Episodes Archive

New Year's Resolutions #455

January 05, 2018

Happy New Year! Science for the People is ringing in the new year with a hard look at new year's resolutions. A lot of these involve long term goals, and forming new habits. But how do we stick with them? We'll speak with Charles DuHigg, author of the the book "The Power of Habit: Why We Do What We Do in Life and Business", to find out. Then we'll talk with behavioral scientist Ayelet Fishbach about what she's learned from studying the stick-to-it-iveness of students. Related links: Immediate Rewards Predict Adherence to Long-Term Goals, paper from Kaitlin Woolley and Ayelet... Read More


Sports Science (Rebroadcast) #454

December 29, 2017

This week we're exploring the ways that science and technology are changing sports, on and off the playing field. We'll speak to journalist Mark McClusky about his book "Faster, Higher, Stronger: How Sports Science Is Creating a New Generation of Superathletes - and What We Can Learn from Them." And we'll get the scientific perspective on sports supplements with Dr. Bryan Chung, founder of Evidence Based Fitness. Read More


The Biggest Science Stories of 2017 #453

December 22, 2017

Should old science findings be forgot, and never brought to mind? No! For the year may be nearly over but we're going to see it out in style! This week, Bethany and Rachelle look back on some of the biggest science findings of the year with the writers of Science News Magazine. We've got colliding neutron stars, new planets, edited genes, splitting ice shelves and more! Related links: Top 10 Science Stories of 2017 on Science News This year’s neutron star collision unlocks cosmic mysteries, by Emily Conover CRISPR gene editing moved into new territory in 2017, by Tina Hesman... Read More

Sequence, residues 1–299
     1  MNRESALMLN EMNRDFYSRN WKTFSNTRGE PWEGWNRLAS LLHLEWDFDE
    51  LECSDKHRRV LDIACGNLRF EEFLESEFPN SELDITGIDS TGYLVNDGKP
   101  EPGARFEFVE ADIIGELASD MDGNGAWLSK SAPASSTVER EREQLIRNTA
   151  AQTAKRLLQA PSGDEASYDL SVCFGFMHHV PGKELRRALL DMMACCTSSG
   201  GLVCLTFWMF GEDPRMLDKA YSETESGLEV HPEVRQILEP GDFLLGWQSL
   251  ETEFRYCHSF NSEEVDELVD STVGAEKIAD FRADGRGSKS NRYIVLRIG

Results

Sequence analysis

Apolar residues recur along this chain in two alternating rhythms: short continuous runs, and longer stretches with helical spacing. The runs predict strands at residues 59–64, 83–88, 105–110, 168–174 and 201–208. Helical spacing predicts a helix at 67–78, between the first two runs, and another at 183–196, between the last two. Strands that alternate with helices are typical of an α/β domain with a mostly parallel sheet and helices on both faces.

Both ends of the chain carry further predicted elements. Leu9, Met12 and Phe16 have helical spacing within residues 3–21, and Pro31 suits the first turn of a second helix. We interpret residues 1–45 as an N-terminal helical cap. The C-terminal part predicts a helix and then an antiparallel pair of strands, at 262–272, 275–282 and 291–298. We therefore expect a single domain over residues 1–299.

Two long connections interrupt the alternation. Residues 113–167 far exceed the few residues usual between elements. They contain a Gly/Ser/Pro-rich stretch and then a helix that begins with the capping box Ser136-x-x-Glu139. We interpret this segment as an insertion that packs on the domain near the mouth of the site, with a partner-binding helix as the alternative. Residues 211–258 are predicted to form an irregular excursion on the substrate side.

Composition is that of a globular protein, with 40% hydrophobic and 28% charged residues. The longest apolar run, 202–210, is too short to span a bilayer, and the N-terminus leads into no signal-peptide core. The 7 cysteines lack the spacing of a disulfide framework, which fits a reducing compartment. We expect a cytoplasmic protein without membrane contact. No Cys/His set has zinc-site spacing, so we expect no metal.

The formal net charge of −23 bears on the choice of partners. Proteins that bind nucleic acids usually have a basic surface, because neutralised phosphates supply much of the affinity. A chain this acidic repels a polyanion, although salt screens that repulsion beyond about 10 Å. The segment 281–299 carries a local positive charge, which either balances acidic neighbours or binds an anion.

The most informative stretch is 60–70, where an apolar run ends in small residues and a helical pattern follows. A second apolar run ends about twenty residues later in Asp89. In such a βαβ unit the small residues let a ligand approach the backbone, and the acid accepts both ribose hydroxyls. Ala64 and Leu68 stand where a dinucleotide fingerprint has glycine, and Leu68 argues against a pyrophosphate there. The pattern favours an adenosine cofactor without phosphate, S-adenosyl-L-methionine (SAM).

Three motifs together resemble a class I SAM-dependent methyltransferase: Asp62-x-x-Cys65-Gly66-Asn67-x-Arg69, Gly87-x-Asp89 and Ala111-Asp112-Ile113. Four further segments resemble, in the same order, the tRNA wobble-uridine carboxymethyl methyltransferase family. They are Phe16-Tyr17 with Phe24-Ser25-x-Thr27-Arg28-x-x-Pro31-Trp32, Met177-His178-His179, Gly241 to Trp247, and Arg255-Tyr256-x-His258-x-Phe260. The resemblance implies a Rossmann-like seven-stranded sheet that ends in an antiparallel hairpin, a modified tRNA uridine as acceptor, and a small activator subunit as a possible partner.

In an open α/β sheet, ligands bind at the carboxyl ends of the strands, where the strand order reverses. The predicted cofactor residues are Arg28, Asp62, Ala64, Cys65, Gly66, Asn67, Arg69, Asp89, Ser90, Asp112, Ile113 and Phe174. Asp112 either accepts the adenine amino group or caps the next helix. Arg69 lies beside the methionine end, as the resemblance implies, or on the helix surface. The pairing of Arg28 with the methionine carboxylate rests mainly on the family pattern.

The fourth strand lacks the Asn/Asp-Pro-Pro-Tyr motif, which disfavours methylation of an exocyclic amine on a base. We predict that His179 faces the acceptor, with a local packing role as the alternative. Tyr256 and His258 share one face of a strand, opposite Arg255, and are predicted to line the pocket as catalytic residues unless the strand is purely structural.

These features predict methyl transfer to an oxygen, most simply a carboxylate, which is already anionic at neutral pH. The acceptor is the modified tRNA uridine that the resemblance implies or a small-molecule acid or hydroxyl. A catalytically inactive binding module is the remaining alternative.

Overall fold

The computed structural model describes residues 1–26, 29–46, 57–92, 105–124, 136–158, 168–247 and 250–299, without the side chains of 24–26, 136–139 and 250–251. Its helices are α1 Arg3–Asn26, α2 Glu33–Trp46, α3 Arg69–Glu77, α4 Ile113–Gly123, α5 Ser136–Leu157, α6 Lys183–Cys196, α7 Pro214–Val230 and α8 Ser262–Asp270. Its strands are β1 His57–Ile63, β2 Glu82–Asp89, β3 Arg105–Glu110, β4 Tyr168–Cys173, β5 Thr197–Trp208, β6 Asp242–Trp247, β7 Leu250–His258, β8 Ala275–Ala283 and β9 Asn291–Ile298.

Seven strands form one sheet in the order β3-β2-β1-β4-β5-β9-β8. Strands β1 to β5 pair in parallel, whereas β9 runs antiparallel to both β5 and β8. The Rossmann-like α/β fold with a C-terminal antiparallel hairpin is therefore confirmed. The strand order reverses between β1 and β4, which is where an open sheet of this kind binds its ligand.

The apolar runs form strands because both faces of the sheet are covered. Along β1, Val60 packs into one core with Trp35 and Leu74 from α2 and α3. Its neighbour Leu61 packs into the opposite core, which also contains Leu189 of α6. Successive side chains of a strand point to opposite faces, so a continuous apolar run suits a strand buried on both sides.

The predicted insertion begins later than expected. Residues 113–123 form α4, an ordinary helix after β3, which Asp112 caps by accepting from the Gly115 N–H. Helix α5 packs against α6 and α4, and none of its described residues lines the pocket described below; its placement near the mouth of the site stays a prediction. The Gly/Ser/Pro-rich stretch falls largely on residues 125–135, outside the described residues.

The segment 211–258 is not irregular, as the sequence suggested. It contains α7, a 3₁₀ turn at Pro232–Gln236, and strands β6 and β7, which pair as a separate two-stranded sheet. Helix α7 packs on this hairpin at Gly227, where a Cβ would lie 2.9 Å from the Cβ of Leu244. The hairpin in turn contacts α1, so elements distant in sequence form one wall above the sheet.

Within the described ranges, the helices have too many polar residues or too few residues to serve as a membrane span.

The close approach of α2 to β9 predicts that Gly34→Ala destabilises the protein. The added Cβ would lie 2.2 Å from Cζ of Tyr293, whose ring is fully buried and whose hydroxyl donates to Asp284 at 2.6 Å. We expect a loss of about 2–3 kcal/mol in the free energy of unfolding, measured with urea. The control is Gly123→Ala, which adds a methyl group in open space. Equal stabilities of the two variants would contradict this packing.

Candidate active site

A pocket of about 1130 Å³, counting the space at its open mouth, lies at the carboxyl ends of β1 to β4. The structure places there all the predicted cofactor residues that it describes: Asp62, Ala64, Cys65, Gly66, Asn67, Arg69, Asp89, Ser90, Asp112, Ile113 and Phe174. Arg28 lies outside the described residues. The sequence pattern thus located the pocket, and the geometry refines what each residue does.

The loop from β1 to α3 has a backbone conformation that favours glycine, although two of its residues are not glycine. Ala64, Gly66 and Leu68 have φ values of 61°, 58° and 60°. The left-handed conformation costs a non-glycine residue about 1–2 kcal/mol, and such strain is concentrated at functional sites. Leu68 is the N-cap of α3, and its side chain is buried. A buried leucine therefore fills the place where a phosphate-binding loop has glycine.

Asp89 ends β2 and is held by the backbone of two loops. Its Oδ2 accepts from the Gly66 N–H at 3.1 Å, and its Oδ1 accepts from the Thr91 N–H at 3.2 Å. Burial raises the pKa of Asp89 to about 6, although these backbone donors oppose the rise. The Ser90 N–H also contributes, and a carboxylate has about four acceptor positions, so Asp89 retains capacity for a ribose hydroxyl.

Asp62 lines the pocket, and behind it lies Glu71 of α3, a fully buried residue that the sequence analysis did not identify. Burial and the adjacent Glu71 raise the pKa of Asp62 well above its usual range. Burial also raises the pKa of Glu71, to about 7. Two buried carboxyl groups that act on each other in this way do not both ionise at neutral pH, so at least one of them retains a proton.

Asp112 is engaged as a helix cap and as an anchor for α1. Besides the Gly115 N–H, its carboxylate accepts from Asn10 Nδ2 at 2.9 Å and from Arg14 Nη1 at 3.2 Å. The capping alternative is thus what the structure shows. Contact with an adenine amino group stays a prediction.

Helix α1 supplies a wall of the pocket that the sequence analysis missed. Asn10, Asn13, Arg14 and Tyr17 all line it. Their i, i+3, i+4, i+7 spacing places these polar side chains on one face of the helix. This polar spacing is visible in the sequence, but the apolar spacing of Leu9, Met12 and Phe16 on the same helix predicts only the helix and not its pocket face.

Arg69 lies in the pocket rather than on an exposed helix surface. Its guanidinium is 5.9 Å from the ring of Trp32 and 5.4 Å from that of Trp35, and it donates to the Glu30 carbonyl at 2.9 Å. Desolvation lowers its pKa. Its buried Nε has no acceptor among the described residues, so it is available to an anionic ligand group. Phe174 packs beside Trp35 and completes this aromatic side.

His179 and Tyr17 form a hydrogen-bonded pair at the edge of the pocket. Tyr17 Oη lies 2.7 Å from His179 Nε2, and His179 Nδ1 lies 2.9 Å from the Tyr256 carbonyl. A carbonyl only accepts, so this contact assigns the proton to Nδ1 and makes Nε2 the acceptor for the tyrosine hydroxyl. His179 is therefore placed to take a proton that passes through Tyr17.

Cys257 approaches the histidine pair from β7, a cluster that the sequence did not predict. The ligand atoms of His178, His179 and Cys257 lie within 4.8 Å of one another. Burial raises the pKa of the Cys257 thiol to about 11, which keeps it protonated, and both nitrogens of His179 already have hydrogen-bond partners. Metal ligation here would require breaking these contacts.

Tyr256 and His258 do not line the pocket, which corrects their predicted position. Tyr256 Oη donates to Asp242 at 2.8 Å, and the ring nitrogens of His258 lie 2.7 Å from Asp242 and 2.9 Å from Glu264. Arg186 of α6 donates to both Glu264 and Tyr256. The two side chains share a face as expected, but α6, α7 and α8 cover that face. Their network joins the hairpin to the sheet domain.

Face Recognition and Identity #452

December 15, 2017

This week we deep dive into the science of how we recognize faces and why some of us are better -- or worse -- at this than others. We talk with Brad Duchaine, Professor of Psychology at Dartmouth College, about both super recognizers and face blindness. And we speak with Matteo Martini, Psychology Lecturer at the University of East London, about a study looking at twins who have difficulty telling which one of them a photo was of. Charity Links: Union of Concerned Scientists Evidence For Democracy Sense About Science American Association for the Advancement of Science Association for Women... Read More


Merry Science Giftmas #451

December 08, 2017

You probably have shopping to do and plenty of gifts to buy, and -- as is our tradition -- we have put together a list of helpful suggestions for things the science lover in your life might appreciate receiving. This year we brought in Illinois’s School of Integrative Biology lecturer and science educator Joanne Manaster, and brought back our unofficial "Librarian in Residence" John Dupuis to talk about some of their favourite science books from 2017. And your regular hosts Rachelle Saunders and Bethany Brookshire squee with delight over a list of fun science-themed gifts you won't find in a... Read More


Sing a Little Song #450

December 01, 2017

How do we talk? And how do we sing? Most of us walk around making sound all day without any real idea of how we do it. We'll speak with vocologist Ingo Titze about how the human voice sings, the parts of a human singing voice, and more. We'll also speak with Tecumseh Fitch about why we talk... but monkeys don't. The reason? They've got the voice, but not the brains. We've even got some creepy recordings. Related links: Ingo's tips for tired voices: grab a straw! A reflex resonance model of vocal vibrato in The Journal of the Acoustical... Read More


Arctic Energy #449

November 24, 2017